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The Maximato was a period in the historical and political development of Mexico ranging from 1928 to 1934. That period was named after Plutarco Elías Calles, who was known as the Jefe Máximo of the Mexican Revolution. Elías Calles was president in the period 1924-1928, but throughout the next six years, Calles was the de facto leader of Mexico. There were three presidents in this era, all of them subordinate to a lesser or greater extent to Calles. The presidents and their respective mandates are the following :
- Emilio Portes Gil (1928–1930), was designated by Congress to replace the president-elect Álvaro Obregón, assassinated before taking office.
- Pascual Ortiz Rubio (1930–1932), elected to complete the term but resigned.
- Abelardo L. Rodríguez (1932–1934), was designated by Congress to substitute to Ortiz Rubio.
The influence of the former President ended when Lázaro Cárdenas del Río expelled him from the country in 1936.
Under Calles a constitutional change was passed that allowed for a non-consecutive reelection, and in 1928 Álvaro Obregón was elected as Elías Calles's successor. However, Obregón was assassinated by José de León Toral, a Catholic militant, before he could assume power. To avoid a political vacuum, Calles named himself Jefe Máximo, the political chieftain of Mexico and Emilio Portes Gil was appointed temporary president, although in reality he was little more than a puppet of Calles.
The following year, Calles founded the PNR, or Partido Nacional Revolucionario, the predecessor of today's Partido Revolucionario Institucional (PRI). Officially, after 1929, Calles served as minister of war, as he continued to suppress the rebellion of the Cristero War, but a few months later after the intervention of the United States ambassador Dwight Morrow the Mexican government and the cristeros signed a peace treaty. PNR candidate Pascual Ortiz Rubio won the controversial 1929 election, in which he defeated the philosopher José Vasconcelos of the National Antireelectionist Party (PNA), whose campaign was supported mainly by university students, and Pedro Rodríguez Triana of the Mexican Communist Party (PCM).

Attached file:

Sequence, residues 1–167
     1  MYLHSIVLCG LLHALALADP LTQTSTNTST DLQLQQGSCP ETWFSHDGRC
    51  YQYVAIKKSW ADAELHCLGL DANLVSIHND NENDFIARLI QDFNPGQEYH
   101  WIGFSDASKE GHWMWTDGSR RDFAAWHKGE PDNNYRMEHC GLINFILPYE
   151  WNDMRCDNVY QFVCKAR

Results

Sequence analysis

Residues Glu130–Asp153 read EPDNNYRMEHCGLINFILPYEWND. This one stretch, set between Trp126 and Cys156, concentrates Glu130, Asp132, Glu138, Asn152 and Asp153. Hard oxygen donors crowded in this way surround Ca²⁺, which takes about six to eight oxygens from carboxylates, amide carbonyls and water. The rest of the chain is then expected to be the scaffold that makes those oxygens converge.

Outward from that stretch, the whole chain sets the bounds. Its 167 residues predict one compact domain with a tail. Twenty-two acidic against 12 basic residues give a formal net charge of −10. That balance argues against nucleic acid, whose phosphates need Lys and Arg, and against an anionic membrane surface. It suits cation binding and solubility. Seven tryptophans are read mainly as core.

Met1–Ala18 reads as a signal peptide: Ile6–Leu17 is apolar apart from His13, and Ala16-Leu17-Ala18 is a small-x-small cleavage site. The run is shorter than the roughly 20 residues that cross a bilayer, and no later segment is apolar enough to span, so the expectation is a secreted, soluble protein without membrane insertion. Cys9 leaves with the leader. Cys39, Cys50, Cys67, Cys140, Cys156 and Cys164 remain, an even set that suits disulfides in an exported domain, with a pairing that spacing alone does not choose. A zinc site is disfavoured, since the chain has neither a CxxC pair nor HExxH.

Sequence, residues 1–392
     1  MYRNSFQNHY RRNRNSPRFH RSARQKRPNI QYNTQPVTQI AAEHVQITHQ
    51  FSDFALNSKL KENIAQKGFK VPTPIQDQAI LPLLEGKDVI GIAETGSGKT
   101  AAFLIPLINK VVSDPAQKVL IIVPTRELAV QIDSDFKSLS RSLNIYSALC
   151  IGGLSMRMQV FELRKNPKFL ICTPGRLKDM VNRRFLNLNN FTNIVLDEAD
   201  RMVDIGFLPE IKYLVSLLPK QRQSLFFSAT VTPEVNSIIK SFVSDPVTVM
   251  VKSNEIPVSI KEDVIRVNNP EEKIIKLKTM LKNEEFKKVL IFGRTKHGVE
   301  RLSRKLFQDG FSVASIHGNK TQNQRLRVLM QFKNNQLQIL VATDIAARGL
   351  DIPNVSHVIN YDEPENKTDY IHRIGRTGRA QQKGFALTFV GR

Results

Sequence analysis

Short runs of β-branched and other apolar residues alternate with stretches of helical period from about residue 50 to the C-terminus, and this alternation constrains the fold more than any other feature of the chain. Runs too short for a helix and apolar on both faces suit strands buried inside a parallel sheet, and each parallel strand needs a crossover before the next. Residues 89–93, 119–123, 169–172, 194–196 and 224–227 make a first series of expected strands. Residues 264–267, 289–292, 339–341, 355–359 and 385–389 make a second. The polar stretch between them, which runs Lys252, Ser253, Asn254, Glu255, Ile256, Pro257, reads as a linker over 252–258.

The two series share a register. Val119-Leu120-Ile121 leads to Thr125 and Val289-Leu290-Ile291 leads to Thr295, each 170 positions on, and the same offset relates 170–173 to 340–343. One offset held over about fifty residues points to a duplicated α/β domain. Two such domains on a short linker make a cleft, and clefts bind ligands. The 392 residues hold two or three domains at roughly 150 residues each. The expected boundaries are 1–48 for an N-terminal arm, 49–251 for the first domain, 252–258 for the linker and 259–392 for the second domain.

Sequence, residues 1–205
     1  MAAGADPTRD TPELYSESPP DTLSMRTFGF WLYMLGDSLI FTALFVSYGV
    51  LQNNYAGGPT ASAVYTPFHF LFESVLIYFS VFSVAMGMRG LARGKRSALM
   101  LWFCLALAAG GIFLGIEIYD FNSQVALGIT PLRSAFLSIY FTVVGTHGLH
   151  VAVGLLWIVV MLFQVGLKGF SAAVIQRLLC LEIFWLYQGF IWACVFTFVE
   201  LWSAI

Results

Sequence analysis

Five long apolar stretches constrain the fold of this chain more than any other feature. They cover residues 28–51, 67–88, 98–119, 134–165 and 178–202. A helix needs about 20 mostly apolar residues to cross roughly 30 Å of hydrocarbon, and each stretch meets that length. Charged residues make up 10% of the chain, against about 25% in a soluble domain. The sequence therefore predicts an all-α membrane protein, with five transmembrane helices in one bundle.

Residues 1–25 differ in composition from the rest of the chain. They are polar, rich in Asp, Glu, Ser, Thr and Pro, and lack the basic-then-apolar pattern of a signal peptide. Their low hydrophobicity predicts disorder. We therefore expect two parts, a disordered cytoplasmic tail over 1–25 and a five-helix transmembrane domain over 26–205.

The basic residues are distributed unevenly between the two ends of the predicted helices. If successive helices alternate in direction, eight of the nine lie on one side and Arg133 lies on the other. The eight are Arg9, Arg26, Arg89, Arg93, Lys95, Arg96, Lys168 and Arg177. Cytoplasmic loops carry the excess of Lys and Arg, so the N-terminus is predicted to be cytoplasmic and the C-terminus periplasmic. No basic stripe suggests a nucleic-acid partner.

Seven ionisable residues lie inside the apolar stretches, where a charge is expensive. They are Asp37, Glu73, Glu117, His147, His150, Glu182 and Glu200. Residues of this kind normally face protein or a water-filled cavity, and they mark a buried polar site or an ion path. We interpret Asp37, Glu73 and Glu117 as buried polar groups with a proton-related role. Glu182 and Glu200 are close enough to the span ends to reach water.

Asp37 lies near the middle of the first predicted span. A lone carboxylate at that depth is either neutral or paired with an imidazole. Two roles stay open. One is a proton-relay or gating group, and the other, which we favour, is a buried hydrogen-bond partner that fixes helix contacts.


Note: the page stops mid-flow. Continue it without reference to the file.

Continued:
The election was marred by violence and fraud, however, and Vasconcelos refused to accept the result. Dozens of antireelectionists were killed, and Vasconcelos decided to flee the country. During his inauguration, Ortiz Rubio was wounded in an assassination attempt by antireelectionist student Daniel Flores, who was tried and received the death penalty.
During the Maximato, Calles became increasingly authoritarian. In the early 1930s he appears to have flirted with the idea of implementing aspects of fascism in the government. After a large demonstration in 1930 the Mexican Communist Party was banned, Mexico stopped its support for the rebels of César Sandino in Nicaragua, strikes were no longer tolerated, and the government ceased redistributing lands among poorer peasants. Calles had once had been the candidate of the workers and at one point had used Communist unions in his campaign against competing labor organizers but later, having acquired wealth and engaging in finance, suppressed Communism. Overall the Maximato was characterized by growing polarization and radicalization on both sides of the political spectrum, with left-wing and right-wing groups often fighting against each other in the streets of Mexico's cities.